What We Do

"Appraisal" is the short definition of what we do at Eric Reenstierna Associates. The longer definition includes market studies, feasibility analyses, cost analyses, and studies of unusual valuation situations. It is the rare appraisal that does not make use of one of these, and it is the rare market study that does not at some point deliver a conclusion about rent or value. We appreciate the straightforward assignments our clients bring us - the storefront, the apartment, the mill building, or the restaurant. We also appreciate the tough questions - "Are we better off with or without this lease?" Or, "Do we make or lose money if we build these condominiums?"

As a sample, here are some of the assignments we have taken on lately:

- gas stations, from Worcester to Plymouth
- condominium conversions
- a rent study for downtown offices
- schools, from a 60-student charter to a suburban college
- three Class A office buildings of a half million square feet or more
- conservation easements on suburban land
- retail and apartment buildings of varying shapes and sizes
- a life estate
- parking lots
- a side yard between two houses, in an ownership dispute
- industrial lofts
- small mixed-use buildings (apartments over bars, restaurants, and stores)
- a particle accelerator
- Route 495 development land
- churches as churches or for adaptive residential re-use
- partial takings
- going concerns that are tied to real estate
- a spring for bottled water
- modern industrials, assisted by our in-house Baseline Map and Model
- a hazardous waste handling site
- wetland

And that leaves out the generic property types - the luxury house, the house lot, and the office condominium.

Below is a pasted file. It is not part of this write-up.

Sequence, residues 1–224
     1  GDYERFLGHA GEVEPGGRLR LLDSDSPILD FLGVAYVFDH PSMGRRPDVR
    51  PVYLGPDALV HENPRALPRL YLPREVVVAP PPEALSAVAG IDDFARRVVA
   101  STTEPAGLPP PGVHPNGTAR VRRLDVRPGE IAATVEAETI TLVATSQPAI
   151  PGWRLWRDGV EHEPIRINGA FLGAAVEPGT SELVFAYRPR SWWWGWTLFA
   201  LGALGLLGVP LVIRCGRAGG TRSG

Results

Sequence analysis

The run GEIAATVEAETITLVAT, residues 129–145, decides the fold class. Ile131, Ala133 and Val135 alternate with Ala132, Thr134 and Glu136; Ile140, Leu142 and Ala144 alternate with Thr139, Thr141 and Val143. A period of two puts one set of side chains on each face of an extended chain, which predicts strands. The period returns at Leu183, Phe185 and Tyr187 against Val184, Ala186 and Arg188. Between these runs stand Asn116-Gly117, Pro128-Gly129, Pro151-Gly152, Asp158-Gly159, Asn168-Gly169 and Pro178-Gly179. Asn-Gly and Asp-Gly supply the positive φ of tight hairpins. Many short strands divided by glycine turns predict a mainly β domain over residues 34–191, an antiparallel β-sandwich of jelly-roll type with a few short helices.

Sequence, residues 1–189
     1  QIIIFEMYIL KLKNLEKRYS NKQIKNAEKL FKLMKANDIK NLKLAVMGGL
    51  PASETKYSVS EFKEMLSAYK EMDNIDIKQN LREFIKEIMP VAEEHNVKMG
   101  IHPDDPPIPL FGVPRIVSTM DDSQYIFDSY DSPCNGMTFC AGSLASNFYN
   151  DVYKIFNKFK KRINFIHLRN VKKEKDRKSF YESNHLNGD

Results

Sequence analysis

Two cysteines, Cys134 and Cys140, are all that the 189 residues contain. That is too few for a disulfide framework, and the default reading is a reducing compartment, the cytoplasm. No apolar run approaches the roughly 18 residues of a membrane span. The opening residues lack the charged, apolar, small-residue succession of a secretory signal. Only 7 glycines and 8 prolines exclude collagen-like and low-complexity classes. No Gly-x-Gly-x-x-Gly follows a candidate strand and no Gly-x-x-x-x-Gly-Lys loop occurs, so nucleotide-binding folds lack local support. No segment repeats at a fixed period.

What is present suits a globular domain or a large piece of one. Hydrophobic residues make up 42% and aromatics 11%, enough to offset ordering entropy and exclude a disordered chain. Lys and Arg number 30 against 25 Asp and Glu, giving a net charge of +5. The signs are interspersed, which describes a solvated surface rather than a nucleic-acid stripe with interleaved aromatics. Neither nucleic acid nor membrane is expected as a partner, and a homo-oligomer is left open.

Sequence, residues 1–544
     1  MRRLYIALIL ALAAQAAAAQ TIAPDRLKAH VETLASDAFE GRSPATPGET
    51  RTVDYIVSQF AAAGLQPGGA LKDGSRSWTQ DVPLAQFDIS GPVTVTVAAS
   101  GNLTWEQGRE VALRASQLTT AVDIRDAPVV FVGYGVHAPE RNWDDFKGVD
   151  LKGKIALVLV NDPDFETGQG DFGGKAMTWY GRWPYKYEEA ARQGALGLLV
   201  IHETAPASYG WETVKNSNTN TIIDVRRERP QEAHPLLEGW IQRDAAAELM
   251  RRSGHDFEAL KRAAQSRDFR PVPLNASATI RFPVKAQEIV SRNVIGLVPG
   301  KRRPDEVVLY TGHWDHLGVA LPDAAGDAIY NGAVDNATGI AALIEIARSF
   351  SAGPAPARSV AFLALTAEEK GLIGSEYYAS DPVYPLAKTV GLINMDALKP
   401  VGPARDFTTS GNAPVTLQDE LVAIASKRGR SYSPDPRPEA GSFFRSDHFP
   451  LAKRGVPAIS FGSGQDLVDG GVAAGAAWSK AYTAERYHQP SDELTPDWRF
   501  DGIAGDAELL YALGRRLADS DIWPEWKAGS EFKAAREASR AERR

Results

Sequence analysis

The Uniform Standards of Professional Appraisal Practice require that an appraiser not undertake an assignment without the competence and expertise that are necessary for its proper completion. On occasion, an assignment comes our way for which we know others are better qualified, and we send those along. To properly handle the array of assignments in the list above means that an appraiser needs deep background in a market: "Who are the possible buyers for this property?" and "How will those buyers think about it?"

It means knowing how courts and financial institutions want a valuation concept framed. It means having a conceptual framework for various situations, one that comes from courses of instruction, experience in previous assignments, and idea-sharing with others. It means having a big bag of tools: market data sources like Banker & Tradesman and CoStar Comps, discounted cash flow programs, in-house Excel models, Google, and, to pick people's brains, a telephone. For unusual property types, it can mean extensive self-education about that property's function and the state of its industry today - questions like, "Are they building any more of these?" At all times, before the assignment begins, it is important that the appraiser make the client aware of the appraiser's background in valuations of that property type and of the methods of analysis that are to be applied.

Appraisal, like medicine, is detective work. It is problem solving. We enjoy the chance to be problem solvers. We enjoy that our clients land questions on our desks. We give back answers - and, along with the answers, we like to give back a healthy plateful of market data. Part of appraisal is open inquiry and the search for new solutions. We enjoy that our clients sometimes make use of the market data and return to us with novel solutions of their own.




The Reenstierna Associates Report is published as a service to the clients of Eric Reenstierna Associates and other real estate professionals. The views expressed are those of the articles' authors and do not necessarily reflect those of other members of the organization. Copyright 2005. All rights reserved.

Eric Reenstierna Associates
24 Thorndike Street
Cambridge, Massachusetts 02141
(617) 577-0096

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